MONROVIA – The US$15 million defamation trial of Swiss human rights advocate Alain Werner, and his Geneva, Switzerland-based Civitas Maxima, is set to begin on July 18.
Werner, also based in Switzerland, is being sued by Agnes Reeves Taylor, an ex-wife of jailed Liberian President, Charles Taylor.
Taylor claimed that Werner and his organization lied to the London Metropolitan Police about her involvement in the Liberian civil war and is seeking US$5 million from Werner as punitive damages and US$10 million as general damages. Werner is protected by Swiss legal jurisdiction and may likely be absent for the entire trial as Switzerland and Liberia do not share any extradition treaty.
Judge Kennedy Peabody of Civil Law Court ‘A’ on July 13, announced that the trial will begin on Tuesday — months after the Supreme Court refused Werner’s legal team’s request that their client is ineligible for trial in Liberia. Werner’s lawyers have argued also that the suit was improperly filed as Werner.
Taylor, according to Werner’s lawyer, was arrested by the UK Metropolitan Police War Crime Unit and Crown Prosecution Service, which later on pressed war crimes charges and not Civitas Maxima or Werner.
Taylor was arrested on June 2, 2017, in London by the Metropolitan Police and charged with torture on the grounds of her suspected involvement with the National Patriotic Front of Liberia (NPFL) rebel group, which was led by her ex-husband during the first Liberian civil war, from 1989 to 1996.
However, the case was dismissed by the London Central Criminal Court on the grounds that the evidence presented by the Crown Prosecution Service (CPS) failed to prove that the NPFL had the requisite authority over the relevant territory at the time the crimes in question were committed.
Taylor’s prosecution in the UK, according to the suit, stemmed from claims by Werner and Hassan Bility that she committed alleged war crimes while a member of the rebel group, the NPFL, a claim that prompted the prosecution by the Metropolitan Police.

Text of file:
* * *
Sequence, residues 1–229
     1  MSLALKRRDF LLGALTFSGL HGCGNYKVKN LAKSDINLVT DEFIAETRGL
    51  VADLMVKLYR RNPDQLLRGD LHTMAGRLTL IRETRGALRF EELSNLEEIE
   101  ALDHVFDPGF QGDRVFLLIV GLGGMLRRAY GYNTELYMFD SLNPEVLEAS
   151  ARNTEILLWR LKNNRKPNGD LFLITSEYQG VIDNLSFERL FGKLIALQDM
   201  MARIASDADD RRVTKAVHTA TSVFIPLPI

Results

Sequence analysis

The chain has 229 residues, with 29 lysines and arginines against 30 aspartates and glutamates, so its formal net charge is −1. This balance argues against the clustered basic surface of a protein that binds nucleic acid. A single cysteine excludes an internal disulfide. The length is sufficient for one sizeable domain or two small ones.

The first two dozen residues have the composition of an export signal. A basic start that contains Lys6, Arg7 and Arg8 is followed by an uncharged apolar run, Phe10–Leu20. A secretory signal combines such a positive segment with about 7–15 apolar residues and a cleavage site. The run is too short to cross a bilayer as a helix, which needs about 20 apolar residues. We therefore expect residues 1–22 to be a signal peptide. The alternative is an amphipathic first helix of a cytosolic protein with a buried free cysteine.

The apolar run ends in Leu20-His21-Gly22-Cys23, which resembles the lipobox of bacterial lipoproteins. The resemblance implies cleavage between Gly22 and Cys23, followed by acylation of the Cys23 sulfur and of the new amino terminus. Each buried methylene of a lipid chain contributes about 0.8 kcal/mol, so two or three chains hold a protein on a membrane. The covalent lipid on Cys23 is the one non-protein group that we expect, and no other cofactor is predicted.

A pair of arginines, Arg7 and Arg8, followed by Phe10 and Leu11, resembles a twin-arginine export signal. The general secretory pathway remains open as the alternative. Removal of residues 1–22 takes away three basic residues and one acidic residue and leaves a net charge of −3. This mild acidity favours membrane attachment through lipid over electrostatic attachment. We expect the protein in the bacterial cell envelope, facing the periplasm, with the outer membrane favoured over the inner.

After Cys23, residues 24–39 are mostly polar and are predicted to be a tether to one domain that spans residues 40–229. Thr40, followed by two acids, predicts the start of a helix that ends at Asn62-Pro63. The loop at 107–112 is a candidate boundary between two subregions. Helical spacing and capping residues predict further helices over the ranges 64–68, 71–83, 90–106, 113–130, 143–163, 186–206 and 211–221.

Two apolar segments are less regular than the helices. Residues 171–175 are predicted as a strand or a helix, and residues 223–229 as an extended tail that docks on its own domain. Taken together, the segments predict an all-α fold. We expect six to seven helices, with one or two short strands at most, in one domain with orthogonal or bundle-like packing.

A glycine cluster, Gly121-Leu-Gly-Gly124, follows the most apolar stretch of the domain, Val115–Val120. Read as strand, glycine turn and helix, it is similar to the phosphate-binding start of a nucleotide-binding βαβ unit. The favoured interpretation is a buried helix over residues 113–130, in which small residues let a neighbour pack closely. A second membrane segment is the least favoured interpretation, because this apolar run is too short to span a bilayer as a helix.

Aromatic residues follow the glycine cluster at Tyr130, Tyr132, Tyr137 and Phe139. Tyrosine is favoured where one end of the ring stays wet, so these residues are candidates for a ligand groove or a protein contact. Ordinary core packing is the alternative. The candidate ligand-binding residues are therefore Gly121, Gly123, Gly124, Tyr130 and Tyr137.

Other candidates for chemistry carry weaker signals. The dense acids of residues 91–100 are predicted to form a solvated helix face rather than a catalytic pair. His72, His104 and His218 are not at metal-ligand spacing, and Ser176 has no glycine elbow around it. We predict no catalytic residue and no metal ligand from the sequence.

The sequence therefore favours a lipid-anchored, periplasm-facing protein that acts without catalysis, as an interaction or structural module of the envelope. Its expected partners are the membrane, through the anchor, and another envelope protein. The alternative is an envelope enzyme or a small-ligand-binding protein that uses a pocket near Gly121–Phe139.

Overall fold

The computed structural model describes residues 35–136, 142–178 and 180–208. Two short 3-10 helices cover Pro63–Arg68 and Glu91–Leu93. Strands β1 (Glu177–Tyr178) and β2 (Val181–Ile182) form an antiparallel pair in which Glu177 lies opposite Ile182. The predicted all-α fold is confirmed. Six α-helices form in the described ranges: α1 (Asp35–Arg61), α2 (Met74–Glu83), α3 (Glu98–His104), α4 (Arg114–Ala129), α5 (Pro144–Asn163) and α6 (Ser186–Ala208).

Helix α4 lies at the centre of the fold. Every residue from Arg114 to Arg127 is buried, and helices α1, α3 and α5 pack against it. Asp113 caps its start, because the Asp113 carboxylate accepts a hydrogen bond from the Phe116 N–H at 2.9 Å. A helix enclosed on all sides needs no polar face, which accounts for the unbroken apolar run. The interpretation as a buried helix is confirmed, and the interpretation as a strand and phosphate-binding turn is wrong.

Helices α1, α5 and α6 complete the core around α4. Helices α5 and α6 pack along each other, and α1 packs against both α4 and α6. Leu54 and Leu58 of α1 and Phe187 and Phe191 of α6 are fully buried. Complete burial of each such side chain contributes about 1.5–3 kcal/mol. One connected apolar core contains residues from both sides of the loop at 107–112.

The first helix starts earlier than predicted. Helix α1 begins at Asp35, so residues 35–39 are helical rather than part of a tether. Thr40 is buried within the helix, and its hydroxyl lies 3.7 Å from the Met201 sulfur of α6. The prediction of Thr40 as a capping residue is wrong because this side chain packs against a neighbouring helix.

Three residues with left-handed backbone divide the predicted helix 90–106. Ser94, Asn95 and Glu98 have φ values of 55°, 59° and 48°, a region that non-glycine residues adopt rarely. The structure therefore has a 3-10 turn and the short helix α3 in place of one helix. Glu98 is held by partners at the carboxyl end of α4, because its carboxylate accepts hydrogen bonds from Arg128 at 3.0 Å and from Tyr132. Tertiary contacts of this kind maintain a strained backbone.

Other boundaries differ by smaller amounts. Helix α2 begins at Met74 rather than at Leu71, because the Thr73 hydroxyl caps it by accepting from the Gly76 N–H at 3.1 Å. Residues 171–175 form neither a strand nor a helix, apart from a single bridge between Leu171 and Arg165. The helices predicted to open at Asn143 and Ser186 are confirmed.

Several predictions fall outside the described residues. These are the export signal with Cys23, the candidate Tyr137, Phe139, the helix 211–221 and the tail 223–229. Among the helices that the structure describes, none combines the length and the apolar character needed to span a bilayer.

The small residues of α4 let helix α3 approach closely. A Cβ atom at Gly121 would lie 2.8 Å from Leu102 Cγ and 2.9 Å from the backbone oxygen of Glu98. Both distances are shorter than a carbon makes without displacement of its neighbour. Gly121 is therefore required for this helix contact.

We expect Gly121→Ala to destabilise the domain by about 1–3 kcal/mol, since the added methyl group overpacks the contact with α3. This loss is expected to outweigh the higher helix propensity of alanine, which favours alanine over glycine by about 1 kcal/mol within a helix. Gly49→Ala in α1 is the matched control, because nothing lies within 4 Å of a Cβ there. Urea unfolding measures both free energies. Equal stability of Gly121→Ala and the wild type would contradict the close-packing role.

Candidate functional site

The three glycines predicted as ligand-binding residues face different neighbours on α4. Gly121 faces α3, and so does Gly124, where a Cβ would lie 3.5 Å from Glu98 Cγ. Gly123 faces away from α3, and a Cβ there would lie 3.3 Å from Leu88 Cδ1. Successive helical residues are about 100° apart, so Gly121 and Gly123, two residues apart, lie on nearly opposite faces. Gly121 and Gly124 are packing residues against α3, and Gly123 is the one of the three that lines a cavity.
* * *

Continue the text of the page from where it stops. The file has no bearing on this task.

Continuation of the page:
Bility, who is a War crime court activist and founder of the Global Justice and Research Project (GJRP) – a partner to Civitas Maxima – was also named in the lawsuit. According to the suit, Bility in his written testimony, on January 8, 2015, to the UK’s Metropolitan Police War Crimes Unit accused Ms. Taylor of murdering one Amos Borhn.
Borhn was the former superintendent of Margibi County and a biological brother of Nancy B. Doe, the wife of late Liberian President Samuel K. Doe. But the suit claims that Borhn who is said to be alive and resides in the UK, will be testifying in this case.
In the alleged letter, Bility also attached what he considered sworn statements, saying, “The statement (consisting of 17 pages each, signed by me) is true to me best of my knowledge and belief and I made it, knowing that if it is tended in evidence, I shall be liable to prosecution if I have willfully stated anything in it, which I know to be false or do not believe to be true.”
The suit claims that Bility and his collaborators’ actions inflicted emotional distress and defamed her hard-earned character, leading to emotional distress.
Bility’s organization focused on the documentation of wartime atrocities in Liberia and assists victims in their pursuit of justice for these crimes. Under Bility’s leadership, the GJRP’s documentation work has led to the investigation and arrests of alleged Liberian war criminals throughout Europe and the U.S., including the arrest of former Liberian rebel commanders Alieu Kosiah in Switzerland, and Martina Johnson in Belgium; the arrest of Taylor in the UK; and the arrest and eventual conviction of former ULIMO rebel commander Mohammed Jabbateh in the U.S.
He had testified in several war crime trials, including the Revolutionary United Front (RUF) and Charles Taylor trials at the Special Court for Sierra Leone (SCSL); the trial of Charles McArthur Emmanuel, commonly known as Chuckie Taylor in the US; and the Guus Kouwenhoven trial in the Netherlands.
Meanwhile, Bility has contended that he and his company cannot be held responsible for any damages against Taylor as the case came from the Metropolitan Police War Crimes Unit.
However, the suit claimed that “The Metropolitan Police relied on Bility’s coached and or paid witness testimonies and sworn statements to maliciously prosecute my client — which testimonies and statements turned out to be unreliable and groundless to the effect that there [is] no truthfulness in his evidence.”
“My client was maliciously and criminally prosecuted at the instance of the fabricated and bogus testimonies of Bility’s coached witness, which were the legal reliance of the Metropolitan Police to arrest, detain and charge her with the crime of rape and tortured of individuals, in the performance of her duties between 1989 to January 1, 1991, of the Liberian civil war,” Cllr. Jonathan Massaquoi, Taylor’s lawyer said.
However, he noted that Bility can in no way, form or manner disclaim liability or shift liability to the Metropolitan Police War Crimes Unit or the UK Magisterial Court or Crown Court of London, who were only privileged to have knowledge of and thereby reacted based on. Source: liberianobserver.com